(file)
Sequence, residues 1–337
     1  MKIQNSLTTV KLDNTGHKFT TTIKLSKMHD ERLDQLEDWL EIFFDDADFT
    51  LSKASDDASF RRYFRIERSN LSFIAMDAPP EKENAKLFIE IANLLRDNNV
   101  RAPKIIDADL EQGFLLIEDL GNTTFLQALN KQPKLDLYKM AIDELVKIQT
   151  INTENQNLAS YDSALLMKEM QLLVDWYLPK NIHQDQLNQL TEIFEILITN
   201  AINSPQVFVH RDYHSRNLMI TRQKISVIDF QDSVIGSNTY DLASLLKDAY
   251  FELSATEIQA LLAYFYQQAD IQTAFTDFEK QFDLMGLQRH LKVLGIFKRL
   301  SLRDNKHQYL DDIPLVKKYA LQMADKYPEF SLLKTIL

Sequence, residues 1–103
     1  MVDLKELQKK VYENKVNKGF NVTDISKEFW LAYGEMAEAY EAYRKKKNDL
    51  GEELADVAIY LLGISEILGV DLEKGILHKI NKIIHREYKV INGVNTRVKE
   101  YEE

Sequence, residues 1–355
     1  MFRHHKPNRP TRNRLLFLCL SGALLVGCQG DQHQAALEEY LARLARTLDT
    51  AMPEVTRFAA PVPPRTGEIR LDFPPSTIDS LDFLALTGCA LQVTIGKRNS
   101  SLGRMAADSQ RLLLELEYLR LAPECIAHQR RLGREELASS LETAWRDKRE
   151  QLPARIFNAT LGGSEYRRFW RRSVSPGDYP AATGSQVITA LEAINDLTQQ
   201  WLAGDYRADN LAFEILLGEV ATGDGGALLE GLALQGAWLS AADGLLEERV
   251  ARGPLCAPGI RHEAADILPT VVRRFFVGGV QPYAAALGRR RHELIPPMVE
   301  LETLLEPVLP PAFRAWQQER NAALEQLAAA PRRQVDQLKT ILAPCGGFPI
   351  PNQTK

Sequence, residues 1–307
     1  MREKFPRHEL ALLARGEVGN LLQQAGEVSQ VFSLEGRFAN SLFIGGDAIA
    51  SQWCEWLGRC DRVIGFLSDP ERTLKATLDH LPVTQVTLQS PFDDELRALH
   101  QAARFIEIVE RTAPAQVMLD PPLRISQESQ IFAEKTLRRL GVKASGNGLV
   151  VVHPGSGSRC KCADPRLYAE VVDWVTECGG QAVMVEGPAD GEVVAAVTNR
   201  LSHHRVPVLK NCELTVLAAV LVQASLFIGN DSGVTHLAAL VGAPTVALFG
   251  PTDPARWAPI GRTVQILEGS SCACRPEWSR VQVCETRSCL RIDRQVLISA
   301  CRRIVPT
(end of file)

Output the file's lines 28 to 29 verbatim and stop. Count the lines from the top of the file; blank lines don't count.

   251  PTDPARWAPI GRTVQILEGS SCACRPEWSR VQVCETRSCL RIDRQVLISA
   301  CRRIVPT